Gilmore Girls: A Year in the Life Had More References Than You Realized
After years of hoping and waiting (and more than a little obsessing), Stars Hollow has welcomed every Gilmore Girls fan back with open arms. Gilmore Girls: A Year in the Life premiered on Netflix just a few days ago, but hardcore fans didn't waste a minute before diving in and binge-watching the whole thing. And they probably noticed more than a few callbacks to the original series in the four-part revival. Some references were hilarious, and others more than a little heartbreaking. But all of them were reminders of why we loved Gilmore Girls so much. Read on for the full list! But beware, because many, many spoilers are ahead.
"Winter" Intro Quotes
You thought they would ease us into it, didn't you? Silly rabbit. In the opening credits of the very first episode, "Winter," we hear some of the original series' classic quotes. There are a few funny ones (thanks to Michel, Sookie, and the late great Richard Gilmore) and a few more serious lines that have everyone reaching for the tissues before the first scene.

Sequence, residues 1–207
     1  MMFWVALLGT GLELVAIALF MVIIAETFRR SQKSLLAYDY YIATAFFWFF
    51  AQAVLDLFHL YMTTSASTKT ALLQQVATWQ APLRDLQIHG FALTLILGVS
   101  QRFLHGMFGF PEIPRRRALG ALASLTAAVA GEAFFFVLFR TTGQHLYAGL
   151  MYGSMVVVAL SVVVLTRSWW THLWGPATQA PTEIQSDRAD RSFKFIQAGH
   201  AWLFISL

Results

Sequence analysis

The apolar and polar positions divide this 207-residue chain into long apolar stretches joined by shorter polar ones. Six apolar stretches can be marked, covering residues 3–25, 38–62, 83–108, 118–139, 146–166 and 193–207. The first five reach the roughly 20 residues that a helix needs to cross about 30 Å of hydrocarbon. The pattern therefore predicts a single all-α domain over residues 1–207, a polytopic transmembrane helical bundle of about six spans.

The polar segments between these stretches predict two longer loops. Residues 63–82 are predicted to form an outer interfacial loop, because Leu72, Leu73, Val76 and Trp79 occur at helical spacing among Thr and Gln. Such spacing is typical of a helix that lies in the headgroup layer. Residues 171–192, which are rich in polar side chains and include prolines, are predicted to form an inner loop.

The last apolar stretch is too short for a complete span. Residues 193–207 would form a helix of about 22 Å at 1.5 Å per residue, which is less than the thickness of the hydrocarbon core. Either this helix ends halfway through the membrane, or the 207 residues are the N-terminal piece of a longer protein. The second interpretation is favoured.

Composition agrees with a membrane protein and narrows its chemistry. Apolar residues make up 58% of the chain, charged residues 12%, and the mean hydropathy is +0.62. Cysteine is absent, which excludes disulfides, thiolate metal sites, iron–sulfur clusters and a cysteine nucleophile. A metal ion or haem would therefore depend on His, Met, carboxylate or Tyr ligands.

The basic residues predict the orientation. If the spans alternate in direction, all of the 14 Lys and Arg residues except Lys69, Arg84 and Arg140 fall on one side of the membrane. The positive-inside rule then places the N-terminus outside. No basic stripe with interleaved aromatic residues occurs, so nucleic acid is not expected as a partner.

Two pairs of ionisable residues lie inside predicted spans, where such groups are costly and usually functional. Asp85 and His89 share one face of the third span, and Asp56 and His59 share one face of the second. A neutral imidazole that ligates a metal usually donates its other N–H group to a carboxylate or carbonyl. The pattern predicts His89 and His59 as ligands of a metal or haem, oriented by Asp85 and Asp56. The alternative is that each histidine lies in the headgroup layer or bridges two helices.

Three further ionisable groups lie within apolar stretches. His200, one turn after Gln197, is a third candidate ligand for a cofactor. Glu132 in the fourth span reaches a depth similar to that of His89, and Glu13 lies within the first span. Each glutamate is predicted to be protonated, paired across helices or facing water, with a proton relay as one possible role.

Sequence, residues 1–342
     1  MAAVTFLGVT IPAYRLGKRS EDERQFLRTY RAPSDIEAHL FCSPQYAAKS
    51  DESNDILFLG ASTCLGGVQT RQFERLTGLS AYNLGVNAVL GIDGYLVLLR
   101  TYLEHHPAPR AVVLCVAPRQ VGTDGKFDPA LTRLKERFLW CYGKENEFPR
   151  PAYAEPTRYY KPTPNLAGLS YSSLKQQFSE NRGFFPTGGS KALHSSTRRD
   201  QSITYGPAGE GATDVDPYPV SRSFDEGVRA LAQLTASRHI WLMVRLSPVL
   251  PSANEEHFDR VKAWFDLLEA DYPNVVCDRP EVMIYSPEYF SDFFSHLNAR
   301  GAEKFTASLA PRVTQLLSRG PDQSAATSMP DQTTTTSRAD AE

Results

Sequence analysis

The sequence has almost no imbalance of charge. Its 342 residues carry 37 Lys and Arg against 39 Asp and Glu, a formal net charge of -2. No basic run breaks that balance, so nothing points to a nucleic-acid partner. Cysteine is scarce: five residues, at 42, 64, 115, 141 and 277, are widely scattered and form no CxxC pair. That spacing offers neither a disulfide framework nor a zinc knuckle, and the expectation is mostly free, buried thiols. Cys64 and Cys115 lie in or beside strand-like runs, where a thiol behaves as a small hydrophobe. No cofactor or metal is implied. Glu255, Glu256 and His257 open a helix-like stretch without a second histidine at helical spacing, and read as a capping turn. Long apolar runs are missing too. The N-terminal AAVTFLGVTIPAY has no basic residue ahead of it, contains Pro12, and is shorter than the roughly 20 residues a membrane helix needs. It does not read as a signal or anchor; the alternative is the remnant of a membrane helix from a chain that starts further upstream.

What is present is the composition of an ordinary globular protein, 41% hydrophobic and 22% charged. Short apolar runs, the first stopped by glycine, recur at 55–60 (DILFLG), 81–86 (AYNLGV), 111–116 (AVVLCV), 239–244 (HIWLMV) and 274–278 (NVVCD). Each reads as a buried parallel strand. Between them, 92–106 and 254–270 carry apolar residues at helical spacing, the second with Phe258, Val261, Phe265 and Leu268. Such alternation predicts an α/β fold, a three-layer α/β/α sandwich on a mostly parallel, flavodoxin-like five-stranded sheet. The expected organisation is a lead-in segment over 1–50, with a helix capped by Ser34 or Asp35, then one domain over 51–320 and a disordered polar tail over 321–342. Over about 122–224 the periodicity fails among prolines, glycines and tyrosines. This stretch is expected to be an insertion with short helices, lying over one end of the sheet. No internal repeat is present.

Kirk's Many, Many Hats
Given that he's one of the town's more unusual characters, Kirk Gleason has held a lot of jobs over the years. He's nothing if not proactive, even if many of his ventures are less than successful (remember when he tried to be a dog walker?) He's still at it in the revival, with an on-demand car service that sounds an awful lot like a certain other company . . . and like always, it fails miserably, though Kirk never stays down for too long. Don't ever change, sir.
Troubadour Wars, Episode II
The town troubadour is one of the classic mainstays of Stars Hollow. He's always there making everyone's day a little more musical (and the music always seems to fit just right with what was happening in the episode).
In the original series, his position in town is threatened by another several other wandering musicians. While it seemed only right that Grant-Lee Philips would return, it's a fun surprise to see another troubadour (played by Louise Goffin, the singer of Gilmore Girls's anthem, "Where You Lead") make an appearance — provoking another confrontation over turf and reminding us all that there's only one REAL Stars Hollow troubadour.
Digger and Umlauts